US Court rejects the Defamation lawsuit filed against Al Jazeera Article writers by the Hindu American Foundation.

Hindu American Foundation’s defamation lawsuit against five defendants stemming from an Al-Jazeera article in the case of Hindu American Foundation v. Sunita Vishwanath was dismissed by a US court. 


The Hindu American Foundation (HAF) brought a lawsuit against five defendants, alleging defamation, but the judge in the case dismissed it. Sunita Vishwanath and Raju Rajagopal, co-founders of Hindus for Human Rights (HfHR), were named in the lawsuit along with Rasheed Ahmed, executive director of the Indian American Muslim Council (IAMC), John Prabhudoss, chairman of the Federation of Indian American Christian Organizations of North America (FIACONA), and Audrey Truschke, a professor at Rutgers University.

The lawsuit concerned two online pieces that were posted on aljazeera.com, a website run by the Al Jazeera Media Network. The stories dealt with federal COVID-19 relief funds and loans given to five US organizations that were reportedly connected to Indian Hindu nationalist parties. One of the organisations mentioned in the articles was HAF. HAF claimed the Defendants colluded to spread allegedly false and defamatory statements, and that the statements seriously harmed HAF, including by causing it to lose donations and suffer reputational harm.

Mi funding granted to “support hate,”with the title “Demand for US probe into Hindu right-wing groups getting COVID fund.” The HAF was referred to as “US-based front organizations” in the Second Narrative.It is important to remember that the defendants in the lawsuit were not the article’s publishers or authors, but rather individuals who were either quoted in the articles or who tweeted or reposted the content.

Due to lack of personal jurisdiction, lack of subject matter jurisdiction, and failure to establish a claim, the defendants filed a motion to dismiss the case. The Court granted the Defendants’ motion to dismiss the case after accepting their initial objections.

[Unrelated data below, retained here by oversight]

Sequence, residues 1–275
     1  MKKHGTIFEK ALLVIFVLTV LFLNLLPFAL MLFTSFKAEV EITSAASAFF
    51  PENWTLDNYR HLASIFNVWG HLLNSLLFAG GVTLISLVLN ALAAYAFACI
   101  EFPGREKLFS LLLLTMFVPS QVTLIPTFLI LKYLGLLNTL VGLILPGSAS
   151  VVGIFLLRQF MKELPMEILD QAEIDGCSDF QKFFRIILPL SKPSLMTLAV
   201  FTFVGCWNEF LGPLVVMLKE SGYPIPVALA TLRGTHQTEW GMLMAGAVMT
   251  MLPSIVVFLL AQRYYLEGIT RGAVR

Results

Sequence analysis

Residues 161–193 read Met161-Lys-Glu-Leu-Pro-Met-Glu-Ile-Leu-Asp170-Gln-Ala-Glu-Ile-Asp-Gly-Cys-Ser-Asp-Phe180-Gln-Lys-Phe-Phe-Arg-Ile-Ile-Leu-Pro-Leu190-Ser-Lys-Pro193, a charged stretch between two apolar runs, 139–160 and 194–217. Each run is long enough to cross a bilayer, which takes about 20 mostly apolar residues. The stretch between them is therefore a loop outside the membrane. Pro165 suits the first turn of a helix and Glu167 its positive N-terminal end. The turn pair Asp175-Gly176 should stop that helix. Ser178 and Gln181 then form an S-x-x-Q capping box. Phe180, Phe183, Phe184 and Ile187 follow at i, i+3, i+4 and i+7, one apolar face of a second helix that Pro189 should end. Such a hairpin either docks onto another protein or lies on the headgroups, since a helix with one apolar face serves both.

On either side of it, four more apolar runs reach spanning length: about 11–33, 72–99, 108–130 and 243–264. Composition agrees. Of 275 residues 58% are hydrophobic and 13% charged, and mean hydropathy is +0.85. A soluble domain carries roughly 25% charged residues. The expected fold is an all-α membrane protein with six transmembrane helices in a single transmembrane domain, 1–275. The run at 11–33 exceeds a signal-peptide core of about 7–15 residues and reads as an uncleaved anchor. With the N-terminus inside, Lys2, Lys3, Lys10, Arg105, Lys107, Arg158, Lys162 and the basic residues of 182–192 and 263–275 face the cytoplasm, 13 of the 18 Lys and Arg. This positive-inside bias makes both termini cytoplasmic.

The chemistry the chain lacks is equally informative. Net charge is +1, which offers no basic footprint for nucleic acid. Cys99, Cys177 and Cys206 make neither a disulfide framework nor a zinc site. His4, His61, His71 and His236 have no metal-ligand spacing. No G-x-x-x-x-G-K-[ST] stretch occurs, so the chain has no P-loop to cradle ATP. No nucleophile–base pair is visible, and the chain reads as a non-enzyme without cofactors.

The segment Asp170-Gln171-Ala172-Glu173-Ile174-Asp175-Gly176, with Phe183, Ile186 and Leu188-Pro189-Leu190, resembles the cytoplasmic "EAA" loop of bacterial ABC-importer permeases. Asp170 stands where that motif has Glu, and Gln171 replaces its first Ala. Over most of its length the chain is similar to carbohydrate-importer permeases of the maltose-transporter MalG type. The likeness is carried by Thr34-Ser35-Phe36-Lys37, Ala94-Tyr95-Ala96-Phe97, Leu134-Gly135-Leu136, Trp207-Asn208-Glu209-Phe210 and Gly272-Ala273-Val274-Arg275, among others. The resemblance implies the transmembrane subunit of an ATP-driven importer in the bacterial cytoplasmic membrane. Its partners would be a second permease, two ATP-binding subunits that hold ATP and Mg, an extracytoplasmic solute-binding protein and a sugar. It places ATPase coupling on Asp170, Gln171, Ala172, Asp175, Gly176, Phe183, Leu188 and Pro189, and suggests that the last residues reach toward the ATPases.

The court went on to say that it was not conceivable to assume that any of the defendants’ remarks were made with actual malice. The existence of readily accessible financial accounts is the sole claim of malice made by HAF. According to the court, these accusations were insufficient to support a claim.

According to District Judge Amit Mehta’s ruling, “..this court finds that HAF fails to show genuine malice and, hence, fails to raise a claim of defamation against all Defendants.”

The court added, “Some of Truschke’s allegations are perhaps verifiably incorrect. See e.g. (“Full disclosure that the HAF Board member in question [Rajiv Pandit] has been going after me, along with a growing list of people, in recent days.”). Yet, the Court stated that even if the statement were to be proven untrue, HAF’s defamation action would still fail since it is not false.

The court also pointed out that Viswanath’s assertion that HAF had “parent organizations” in India is blatantly untrue and can be independently verified. But, HAF’s defamation suit against Viswanath is unaffected by the likely falsity of this assertion, it claimed.


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